Tuesday, June 16, marked the beginning of a new series named “Conversations on Race” brought to the Springfield College community by Student Trustee Kris Rhim and Student Trustee elect Sabrina Williams. This series comes as a product of the community’s initial conversation, held on June 2, in the wake of the death of George Floyd. During that conversation, school administration said it was committed to more programming towards race relations on campus, and this series is the start of “intensive programming” to come this school year.
Approximately 200 members of the Springfield College community, including students, faculty, staff and administrators, joined Tuesday’s Zoom meeting at 6 p.m. This first episode of the series, titled “Diversity and Inclusion: The Student Perspective” discussed the perspectives of members of the Springfield College community, particularly students, on their experiences being a person of color.
Prior to joining the first meeting, participants were asked to view a TED Talk called, “Color Blind or Brave?” by Mellody Hobson, a black female business owner. They were also told to read an opinion article from Philadelphia Magazine titled, “White People, I Still Don’t Believe You” by Ernest Owens.
In her TED Talk, Mellody discussed the importance of acknowledging race and not being afraid to have a conversation about it by recounting some of her own experiences in order to show her audience the reality. Williams brought back a few of Hobson’s points in saying, “Avoiding the conversation is not helpful, it doesn’t bring awareness to anyone… it’s not our [POC] place to make you [non-POC] to feel comfortable…we feel uncomfortable all of the time, whether or not that’s your intention.”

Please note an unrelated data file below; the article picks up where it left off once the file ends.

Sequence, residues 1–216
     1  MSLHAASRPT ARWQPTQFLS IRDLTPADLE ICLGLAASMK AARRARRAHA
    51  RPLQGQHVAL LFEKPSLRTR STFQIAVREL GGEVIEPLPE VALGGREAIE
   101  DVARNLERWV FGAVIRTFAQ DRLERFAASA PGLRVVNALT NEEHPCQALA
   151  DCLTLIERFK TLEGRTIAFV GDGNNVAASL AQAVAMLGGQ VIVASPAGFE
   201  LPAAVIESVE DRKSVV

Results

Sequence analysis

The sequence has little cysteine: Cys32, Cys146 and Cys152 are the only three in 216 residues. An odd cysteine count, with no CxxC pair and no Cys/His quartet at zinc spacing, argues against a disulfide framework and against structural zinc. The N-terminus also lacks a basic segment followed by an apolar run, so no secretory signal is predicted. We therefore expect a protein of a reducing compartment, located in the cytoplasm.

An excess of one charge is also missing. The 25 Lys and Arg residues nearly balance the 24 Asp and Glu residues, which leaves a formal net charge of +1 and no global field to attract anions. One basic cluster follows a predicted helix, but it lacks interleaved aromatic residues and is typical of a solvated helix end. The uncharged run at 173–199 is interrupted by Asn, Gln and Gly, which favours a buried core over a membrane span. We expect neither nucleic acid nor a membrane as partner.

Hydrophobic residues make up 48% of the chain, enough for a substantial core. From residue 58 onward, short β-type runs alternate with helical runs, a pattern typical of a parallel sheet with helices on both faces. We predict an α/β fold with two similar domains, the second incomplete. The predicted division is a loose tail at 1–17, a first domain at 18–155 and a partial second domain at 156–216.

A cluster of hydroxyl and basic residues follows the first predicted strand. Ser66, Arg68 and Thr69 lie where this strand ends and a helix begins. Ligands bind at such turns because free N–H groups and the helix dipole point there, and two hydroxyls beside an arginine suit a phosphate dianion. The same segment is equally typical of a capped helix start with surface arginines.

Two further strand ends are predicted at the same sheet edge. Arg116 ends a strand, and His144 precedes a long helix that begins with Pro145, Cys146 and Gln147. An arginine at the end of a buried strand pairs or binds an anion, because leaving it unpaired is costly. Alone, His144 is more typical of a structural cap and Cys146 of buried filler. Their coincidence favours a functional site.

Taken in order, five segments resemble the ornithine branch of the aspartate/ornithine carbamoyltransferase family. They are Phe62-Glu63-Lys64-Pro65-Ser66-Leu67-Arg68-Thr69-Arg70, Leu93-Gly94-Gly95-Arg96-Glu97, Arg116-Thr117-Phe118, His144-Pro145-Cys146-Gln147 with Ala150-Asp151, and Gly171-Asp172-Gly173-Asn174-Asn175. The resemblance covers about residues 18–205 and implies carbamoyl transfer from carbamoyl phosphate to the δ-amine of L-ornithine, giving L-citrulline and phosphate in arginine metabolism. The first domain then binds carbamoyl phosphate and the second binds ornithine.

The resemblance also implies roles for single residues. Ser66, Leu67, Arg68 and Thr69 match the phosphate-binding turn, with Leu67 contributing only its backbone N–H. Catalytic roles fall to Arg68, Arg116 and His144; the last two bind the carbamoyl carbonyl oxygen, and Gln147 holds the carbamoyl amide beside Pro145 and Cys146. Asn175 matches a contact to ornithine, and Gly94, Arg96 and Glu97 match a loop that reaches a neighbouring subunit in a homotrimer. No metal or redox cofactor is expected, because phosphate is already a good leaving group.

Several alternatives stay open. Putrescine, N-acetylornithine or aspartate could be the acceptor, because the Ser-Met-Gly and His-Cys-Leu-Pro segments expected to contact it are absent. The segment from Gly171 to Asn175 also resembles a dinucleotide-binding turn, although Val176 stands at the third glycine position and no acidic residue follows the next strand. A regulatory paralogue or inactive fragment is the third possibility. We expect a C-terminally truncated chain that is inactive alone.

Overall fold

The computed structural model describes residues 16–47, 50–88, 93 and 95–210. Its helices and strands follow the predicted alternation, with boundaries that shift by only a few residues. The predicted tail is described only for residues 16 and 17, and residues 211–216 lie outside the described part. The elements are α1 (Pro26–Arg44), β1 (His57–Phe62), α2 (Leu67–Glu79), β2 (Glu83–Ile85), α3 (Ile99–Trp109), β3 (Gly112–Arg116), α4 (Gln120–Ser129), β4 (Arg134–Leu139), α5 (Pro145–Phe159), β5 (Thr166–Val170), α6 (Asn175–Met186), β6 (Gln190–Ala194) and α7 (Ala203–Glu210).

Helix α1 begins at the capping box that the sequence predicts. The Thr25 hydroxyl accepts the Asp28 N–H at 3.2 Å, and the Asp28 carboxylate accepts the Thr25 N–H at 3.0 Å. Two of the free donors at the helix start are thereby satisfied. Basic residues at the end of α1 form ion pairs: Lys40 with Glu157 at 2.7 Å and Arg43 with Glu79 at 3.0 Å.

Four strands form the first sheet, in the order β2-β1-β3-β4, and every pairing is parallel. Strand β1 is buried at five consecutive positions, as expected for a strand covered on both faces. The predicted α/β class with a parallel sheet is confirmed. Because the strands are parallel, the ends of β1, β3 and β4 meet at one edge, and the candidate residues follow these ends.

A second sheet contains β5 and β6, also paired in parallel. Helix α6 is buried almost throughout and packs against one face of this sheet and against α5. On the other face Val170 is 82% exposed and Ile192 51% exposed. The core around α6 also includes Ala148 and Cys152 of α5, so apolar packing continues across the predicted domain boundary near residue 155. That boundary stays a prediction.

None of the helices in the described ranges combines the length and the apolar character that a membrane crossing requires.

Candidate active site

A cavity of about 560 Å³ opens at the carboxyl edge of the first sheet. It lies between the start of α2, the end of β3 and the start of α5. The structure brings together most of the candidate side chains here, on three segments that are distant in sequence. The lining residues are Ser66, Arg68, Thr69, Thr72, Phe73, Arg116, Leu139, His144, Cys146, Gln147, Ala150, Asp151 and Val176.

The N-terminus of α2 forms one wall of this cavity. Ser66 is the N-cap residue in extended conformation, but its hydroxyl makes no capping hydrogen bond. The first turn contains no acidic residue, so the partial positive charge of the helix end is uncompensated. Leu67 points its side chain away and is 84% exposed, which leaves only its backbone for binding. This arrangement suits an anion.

During the review of the aforementioned article, Rhim stated that the most important point Owens made was, “To truly change racism is to change and challenge power structures.” Rhim called for action in workplaces to not just hire POC employees to have an “aesthetic” of a black face in the room, but to hire POC because they are intelligent, talented and highly capable individuals.
After discussing the introductory pieces of media, Rhim and Williams opened the floor to a list of students, faculty, staff and general members of the Springfield College community to speak out about their own experiences and beliefs both on and off campus.
The lack of representation in almost every aspect of campus – including, but not limited to – athletics, administrative positions, student leadership positions on campus, the health center and the counselling center was an important and repeated point of conversation coming from the student body. The call for POC in these roles stemmed from black students not having the ability to feel they are understood by their peers and by other fellow members of society because all they see are white faces.
Another important point made by those who spoke out at the meeting were the racial profiling issues that black male students have faced over the years by Public Safety officers on campus. Multiple black male students who spoke out at the meeting stated that they had been stopped while on campus in the past while they were either playing basketball, walking, skateboarding, or doing other regular college student activities, and asked to show their student ID to prove that they were a student on campus.
“Conversations on Race” is just getting started in aiding the Springfield College community on the ongoing battle against racism and teaching individuals how to become not only “not a racist”, but an anti-racist. Understanding that a white person will never be able to comprehend the struggle for POC is an important first step the Student Perspective offered during their first episode.
“Conversations on Race” will take place on June 23rd with its second conversation titled, “‘Defunding’ the Police” and on June 30th called, “A Hope in the Unseen: An American Odyssey from the Inner City to the Ivy League.”
Featured photo: (Jack Margaros/The Student)